How is the Reserve Doing 3 Years After the Fire? (12.12.2018)

In December, I visited Stebbins along with two UC Davis Natural Reserves directors: Jeffrey Clary (Associate Director) and Sarah Oktay (Director of Strategic Engagement and Stebbins Cold Canyon Director).  They graciously agreed to walk some of the creek trail with me to tell me about how the fire response at the reserve has compared to expectations and answer the questions that I’ve had over the last few years of site visits.

Following are pages from my sketchbook outlining our discussion, written and illustrated after the fact.  At the end of this post, I’ve included the field notes I made during our walk.

illustratednotes1_2018dec12 2

Text from page 1:

1. The fire follower whispering bells (Emmenanthe penduliflora) was out in large numbers after the fire and hadn’t been seen at the reserve since the last fire 30 years ago.

2. Seedlings of buckbrush (Ceanothus cuneatus) were only seen this last spring (2018), which was three springs after the fire.  It may be that they had reseeded/germinated earlier, but only just became noticeable.

3. Hairy-leaf ceanothus (C. oliganthus) should also be in the reserve.  It may be up in the high draws and less obvious.

4. It is unclear how the manzanitas in the reserve are doing – there has not been a lot of resprouting or reseeding (parry manzanita, Arctostaphylos parryana).

5. Red ribbons (Clarkia concinna) can be seen regularly in the reserve, but never before in the numbers in which it was present the two springs after the fire.  It is usually only up on the slopes and showed up both on the slopes and in the canyon after the fire.

6. The interior live oaks (Quercus wislizeni) in the canyon are doing pretty well with resprouting but it is not as clear how well the blue oaks (Q. douglasii) uphill are doing.  Blue oaks tend to grow on the hillsides and live oaks in the canyon – blue oaks have a higher tolerance for low water conditions than do live oaks.

illustratednotes2_2018dec12 2

Text from page 2:

7. Many of the gray pines (Pinus sabiniana) were completely killed by the fire.  Gray pines are relatively intolerant to fire but return to the area easily in between fires.

8. American robins (Turdus migratorius) come in all at once and eat the berries off of the toyons (Heteromeles arbutifolia) over a couple of days.

9. Species composition in the reserve is back to about 80% of what it was before the fire.  The habitat structure is still very different, with much more understory and much less canopy.  Some cover has come back by now, though, and wildflowers were already much less numerous last spring than in the first two springs after the fire.

10. Chaparral currant (Ribes malvaceum) will be blooming soon.

11. The perennial vines in the reserve (wild cucumber – Marah fabaceus; western morning glory – Calystegia occidentalis; pipestem clematis – Clematis lasianthus) are less numerous in the mature community than they have been in the years right after the fire, when there has been abundant light and climbing support in the form of bare branches.

12. Yerba santa (Eriodictyon californicum) seeds germinate readily after fire and can also resprout after fire.

 

Here are the field notes I took while we walked (color added later):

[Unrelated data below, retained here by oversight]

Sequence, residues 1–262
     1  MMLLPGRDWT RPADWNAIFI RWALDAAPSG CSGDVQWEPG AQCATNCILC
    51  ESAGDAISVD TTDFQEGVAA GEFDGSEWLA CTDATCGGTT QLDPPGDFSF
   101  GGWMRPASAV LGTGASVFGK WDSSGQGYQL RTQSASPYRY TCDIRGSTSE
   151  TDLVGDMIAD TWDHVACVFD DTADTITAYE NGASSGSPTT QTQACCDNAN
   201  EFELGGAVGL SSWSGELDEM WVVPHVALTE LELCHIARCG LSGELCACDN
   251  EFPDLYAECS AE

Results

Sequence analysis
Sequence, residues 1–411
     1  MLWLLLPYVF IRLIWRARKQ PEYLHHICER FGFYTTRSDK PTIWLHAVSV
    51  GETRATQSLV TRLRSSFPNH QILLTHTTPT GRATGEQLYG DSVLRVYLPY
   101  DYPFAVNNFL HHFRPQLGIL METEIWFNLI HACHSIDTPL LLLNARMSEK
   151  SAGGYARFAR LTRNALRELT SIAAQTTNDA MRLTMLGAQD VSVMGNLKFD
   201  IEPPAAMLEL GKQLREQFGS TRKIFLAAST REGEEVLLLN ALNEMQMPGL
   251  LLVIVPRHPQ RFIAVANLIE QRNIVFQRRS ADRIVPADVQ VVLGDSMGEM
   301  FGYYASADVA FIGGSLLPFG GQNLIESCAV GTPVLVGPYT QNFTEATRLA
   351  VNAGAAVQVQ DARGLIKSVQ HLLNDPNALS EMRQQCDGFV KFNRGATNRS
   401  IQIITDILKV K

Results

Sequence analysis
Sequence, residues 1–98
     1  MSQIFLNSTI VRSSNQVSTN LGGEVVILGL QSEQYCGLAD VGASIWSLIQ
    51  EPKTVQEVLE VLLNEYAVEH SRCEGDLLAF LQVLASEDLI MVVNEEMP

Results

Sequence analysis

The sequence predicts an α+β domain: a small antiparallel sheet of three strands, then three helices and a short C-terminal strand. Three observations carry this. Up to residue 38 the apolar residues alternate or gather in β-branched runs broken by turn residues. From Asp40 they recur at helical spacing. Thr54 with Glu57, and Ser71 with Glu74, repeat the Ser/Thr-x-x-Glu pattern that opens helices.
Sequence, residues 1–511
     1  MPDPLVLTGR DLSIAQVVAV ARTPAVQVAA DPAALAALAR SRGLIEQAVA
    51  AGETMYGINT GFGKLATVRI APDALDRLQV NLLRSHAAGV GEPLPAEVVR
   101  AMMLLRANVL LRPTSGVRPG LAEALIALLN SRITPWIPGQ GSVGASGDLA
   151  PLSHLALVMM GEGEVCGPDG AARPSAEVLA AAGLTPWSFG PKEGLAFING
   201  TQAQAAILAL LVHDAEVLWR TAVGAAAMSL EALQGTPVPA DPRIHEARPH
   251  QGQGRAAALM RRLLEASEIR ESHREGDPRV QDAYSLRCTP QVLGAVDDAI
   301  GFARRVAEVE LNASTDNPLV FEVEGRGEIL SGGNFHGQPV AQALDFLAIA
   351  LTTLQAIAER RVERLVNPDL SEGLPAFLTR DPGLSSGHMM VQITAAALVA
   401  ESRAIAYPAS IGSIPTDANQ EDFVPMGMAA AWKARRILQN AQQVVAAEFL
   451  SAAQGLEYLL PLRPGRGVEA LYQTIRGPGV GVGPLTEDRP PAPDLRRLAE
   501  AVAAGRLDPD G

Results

fieldnotesall_2018dec12

February Visit (2/28/2017)

Enjoying the wildflowers on a beautiful February day, I also noticed a different form of California buckeye (Aesculus californica) regrowth than I had seen last year.  Along the creek trail, some buckeyes that had not regrown in their crowns last year were sending up basal shoots.  I love the way the leaf buds look.

WildflowersEtc1_2017Feb28_sm

I was excited to see a checker-lily (Fritillaria affinis), something I did not catch last year.  Greater bee-flies (Bombylius major) were everywhere, enjoying the sun and the flowers.

WildflowersEtc2_2017Feb28_sm

A yellowjacket (Vespula sp.) resting on purple nightshade (Solanum xanti), a western fence lizard (Sceloporus occidentalis) paused on a rock in the sun, and the first blooms on fleshy lupine (Lupinus succulentus):

WildflowersEtc4_2017Feb28_sm

A few more blooms (canyon delphinium, blue dicks, and miner’s lettuce):

WildflowersEtc3_2017Feb28_sm

I’m still working on capturing the grey expanses of dead tree and shrub branches against the hillsides.

BlueRidge_2017Feb28_sm

Cold creek is beautiful and clear.

ColdCreek_2017Feb28_sm

The wet winter has led to movement on the hillsides, although maybe not as much as there might have been, given how recent the fire was.  This was a slump right along the creek trail.

SlumpAboveTrail_2017Feb28_sm

 

 

September Visit (9/29/2016) 2 of 3

It’s oak gall season!  I spotted the leaf below right in the middle of the trail, with galls from two different wasps.  The urchin gall wasp (Antron quercusechinus) makes the spiny pink galls and the crystalline gall wasp (Andricus crystallinus) makes the furry pink galls.  These wasps, in the family Cynipidae, lay their eggs in oak leaves (in this case a blue oak), and the eggs secrete plant hormone mimics which cause the leave to form the spectacular gall.  The larvae grow and feed in the gall for weeks to years, depending on environmental conditions, and then pupate within the gall and emerge as adults.

oakgalls_2016sep29_sm

Continuing the oak theme, I looked carefully at oak regrowth along Cold Creek.  Interior live oak, an evergreen oak, is generally a more vigorous basal sprouter, as observed below:

liveoakgrowth_2016sep29_sm

Blue oaks, which are deciduous, generally do not resprout from their bases, but show regrowth in their crowns:

blueoakgrowth_2016sep29_sm